Hueco Tanks Country Store Reopens to Climbers

posted by dpm on 12/28/2013

Old school climbers remember "Pete's" Country Store as one of the most iconic dirtbag campgrounds in American climbing history. Located just outside the park entrance at Hueco Tanks, Texas, the Country Store was where bouldering pioneers stayed during the years that Hueco transformed from a little-known rock pile into one of the world's premier bouldering areas.  

It was Todd Skinner that started the bouldering revolution in Hueco way back in 1982, and it was he that approached Pete Zavala, owner of the Country Store, asking for a place to stay. Pete let Todd and his friends crash upstairs and within a few years, climbers were flocking to Hueco and pitching tents in Pete's parking lot. The Country Store, affectionately referred to simply as "Pete's," became THE place to stay during Hueco's golden years from the late 80's to the late 90's. During those years, the park was wide open to climbers and visitor use in the park, and at Pete's, grew each year.

Hueco Tanks' Country Store. All photos courtesy of Lowell Stevenson

In 1998, the Texas Parks and Wildlife Department imposed the now well-known restrictions at Hueco Tanks that forever changed the landscape of carefree bouldering at Hueco. That year marked the beginning of the end for Pete's Country Store. Business declined and, eventually, Pete closed the doors of the store. Pete Zavala passed away in 2006 leaving behind a large community of climbers that share fond memories of Pete, his campground, and the glory days of Hueco.

This year, local climber Lowell Stevenson has breathed life back into the old Country Store and reopened the campground. Lowell is a long time Hueco climber that grew up in nearby El Paso and remembers the early days of climbing during the Todd Skinner and John Sherman era. We checked in with him to hear about the good old days and find out his plans for restoring a priceless part of the Hueco Tanks experience.

Lowell Stevenson climbing in Hueco.


DPM: Tell me about the significance of Pete’s Country Store. When did climbers start coming there?

Pete's is the closest store to the park entrance. Back in the day, Pete's was the place to hang out going to or from Hueco Tanks. Pete started working with climbers during 1982, when Todd Skinner asked Pete if he could turn the upstairs hut into a crash-shack. Todd and Amy Skinner became good friends with Pete and (his wife) Queta over the years. Climbers continued staying at Pete's frequently from 1986 to 1998.

The Hueco Rock Rodeos were originally held at Pete's (Hueco Mountain Country Store) for many years. Today the store still has the notorious wooden Shillelagh (pull-up bar) which was used for tie breakers in the Rock Rodeos, where the two competitors would hang off the bar one armed. The one who held on the longest won. We've also put the original slackline up that was featured in the film “Free Hueco.” The place needs tons of restoration, but for some reason it has a really cool rustic southwest flare to it.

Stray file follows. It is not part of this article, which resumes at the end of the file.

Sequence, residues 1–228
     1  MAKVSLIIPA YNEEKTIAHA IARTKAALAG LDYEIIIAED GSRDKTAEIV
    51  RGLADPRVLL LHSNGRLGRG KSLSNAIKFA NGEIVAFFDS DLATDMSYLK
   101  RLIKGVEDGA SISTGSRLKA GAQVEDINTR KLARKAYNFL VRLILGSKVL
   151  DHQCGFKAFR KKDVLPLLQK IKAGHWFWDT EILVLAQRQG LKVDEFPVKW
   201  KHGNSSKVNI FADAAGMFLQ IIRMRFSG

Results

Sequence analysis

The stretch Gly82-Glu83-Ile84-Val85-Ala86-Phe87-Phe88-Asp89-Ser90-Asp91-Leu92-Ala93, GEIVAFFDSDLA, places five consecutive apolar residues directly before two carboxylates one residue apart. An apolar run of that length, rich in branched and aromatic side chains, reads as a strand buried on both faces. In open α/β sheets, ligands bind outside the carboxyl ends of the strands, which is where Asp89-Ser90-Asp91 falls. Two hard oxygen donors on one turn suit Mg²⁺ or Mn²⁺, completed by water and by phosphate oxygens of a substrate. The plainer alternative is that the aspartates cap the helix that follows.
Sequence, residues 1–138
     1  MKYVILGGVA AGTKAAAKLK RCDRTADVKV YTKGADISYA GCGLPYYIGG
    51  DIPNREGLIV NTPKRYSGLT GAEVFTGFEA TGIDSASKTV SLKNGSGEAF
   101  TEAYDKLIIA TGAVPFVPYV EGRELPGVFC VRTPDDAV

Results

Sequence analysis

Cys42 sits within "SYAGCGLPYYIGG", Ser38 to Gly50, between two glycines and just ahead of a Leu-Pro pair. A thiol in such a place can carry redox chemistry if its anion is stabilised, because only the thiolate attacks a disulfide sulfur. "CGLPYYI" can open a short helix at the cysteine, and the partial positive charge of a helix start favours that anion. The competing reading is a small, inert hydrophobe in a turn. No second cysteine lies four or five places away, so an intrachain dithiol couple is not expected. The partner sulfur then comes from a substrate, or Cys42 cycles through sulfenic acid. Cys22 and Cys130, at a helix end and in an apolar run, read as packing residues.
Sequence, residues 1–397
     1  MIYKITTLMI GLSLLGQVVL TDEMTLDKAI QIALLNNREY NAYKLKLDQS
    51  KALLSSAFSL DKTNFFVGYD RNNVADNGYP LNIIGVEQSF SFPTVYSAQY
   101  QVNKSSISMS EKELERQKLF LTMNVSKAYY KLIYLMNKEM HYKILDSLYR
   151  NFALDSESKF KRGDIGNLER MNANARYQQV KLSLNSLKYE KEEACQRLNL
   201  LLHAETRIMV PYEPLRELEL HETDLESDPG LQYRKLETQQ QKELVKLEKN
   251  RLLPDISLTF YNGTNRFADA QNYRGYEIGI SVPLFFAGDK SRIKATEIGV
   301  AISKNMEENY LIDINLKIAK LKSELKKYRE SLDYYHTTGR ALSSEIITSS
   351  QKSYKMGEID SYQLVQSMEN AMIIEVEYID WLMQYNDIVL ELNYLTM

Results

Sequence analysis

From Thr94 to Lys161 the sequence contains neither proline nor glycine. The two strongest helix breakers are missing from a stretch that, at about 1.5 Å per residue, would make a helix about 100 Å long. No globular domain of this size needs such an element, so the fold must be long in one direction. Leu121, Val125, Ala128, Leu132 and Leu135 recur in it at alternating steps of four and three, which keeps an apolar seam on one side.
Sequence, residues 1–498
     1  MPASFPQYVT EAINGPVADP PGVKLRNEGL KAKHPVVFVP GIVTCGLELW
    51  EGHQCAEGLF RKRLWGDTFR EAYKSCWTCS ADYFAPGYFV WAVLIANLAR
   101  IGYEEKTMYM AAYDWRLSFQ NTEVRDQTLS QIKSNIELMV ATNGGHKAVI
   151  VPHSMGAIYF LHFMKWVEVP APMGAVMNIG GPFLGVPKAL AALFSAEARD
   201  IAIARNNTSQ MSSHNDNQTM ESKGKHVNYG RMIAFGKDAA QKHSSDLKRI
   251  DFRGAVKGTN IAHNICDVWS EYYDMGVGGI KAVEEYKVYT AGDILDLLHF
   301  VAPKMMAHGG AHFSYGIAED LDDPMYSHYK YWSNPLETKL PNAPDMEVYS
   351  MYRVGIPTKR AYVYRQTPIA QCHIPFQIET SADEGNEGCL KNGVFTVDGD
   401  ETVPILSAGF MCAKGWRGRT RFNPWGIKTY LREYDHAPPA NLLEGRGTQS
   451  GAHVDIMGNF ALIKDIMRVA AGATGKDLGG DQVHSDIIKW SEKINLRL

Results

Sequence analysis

DPM: Tell me about Pete, his family, and the original Country Store.

Pete and Queta were known for their generosity. Several climbers were allowed to stay, and even eat, without being charged during tough times. Pete and Queta's cooking was simple but tasty traditional Mexican food – tamales, burritos, gorditas. The family still makes tamales on request for climbers.

The Hueco Country Store maintains its Southwestern flair.

DPM: Why did the Country Store eventually close?

Business declined after 1998 when Hueco Tanks State park briefly closed and later changed its visitor capacity. Once the Hueco Tanks State Park changed their polices in 1998, the store lost much of its business. Pete's health began to decline and the family's focus was on his son's death. Pete Zavala passed away on Aug. 2, 2006 after years of heart problems.


DPM: How many years has the place been closed? What inspired you to reopen it?

It's been closed for about 10 years. I'm a veteran climber at Hueco and have known Pete and Queta for years. I was inspired to re-open it and bring it back to life by local Guru Jamie Robertson. We both want to help the family re-open it.

The store offers camping and supplies for climbers.

DPM: Now that the Country Store is back up and running, what service do you offer climbers?

After 10 long years “Pete’s” Hueco Mountain Country Store has re-opened its doors to climbers. Visitors are more than welcome to stop by and hang out, do pull ups on the notorious Shillelagh, brave the well-known slackline, kick around the hacky sack, car camp, tent camp, land the RV or just meet up with climbers.

I run VCRUX a small company that manufactures and rents crash pads out of the store. We also have basic supplies for climbers.


- Industrial Sewing Repair Services

- Bouldering Crash Pad Sales & Rentals


- Bouldering Crash Pads

- Chalk Bags & Chalks

- Guidebooks

- Clothing

- Climbing Supplies

Mountains Guides hang out at the shop and camp at the Country Store frequently. There's also information on the park's policies and access.

Tent – Car – RV Camping

The store is open during odd hours for the following months of rebuilding. If the store isn't open campers can pay using the Iron Ranger pay station located near the store entrance.


DPM: What are your hopes for the future of the business?

Rebuild the original base camp to Hueco Tanks. We have great plans for the future.

A lobby for climbers to get out of bad weather which will have a TV, Microwave, Toaster oven, and Wood burner.

Electrical RV hook-ups, Wifi, Solar Power charging stations, water and showers.


More info can be found at:


Hueco Mountain Country Store

6011 Hueco Tanks Rd.

El Paso, Texas 79938

(915) 244-6792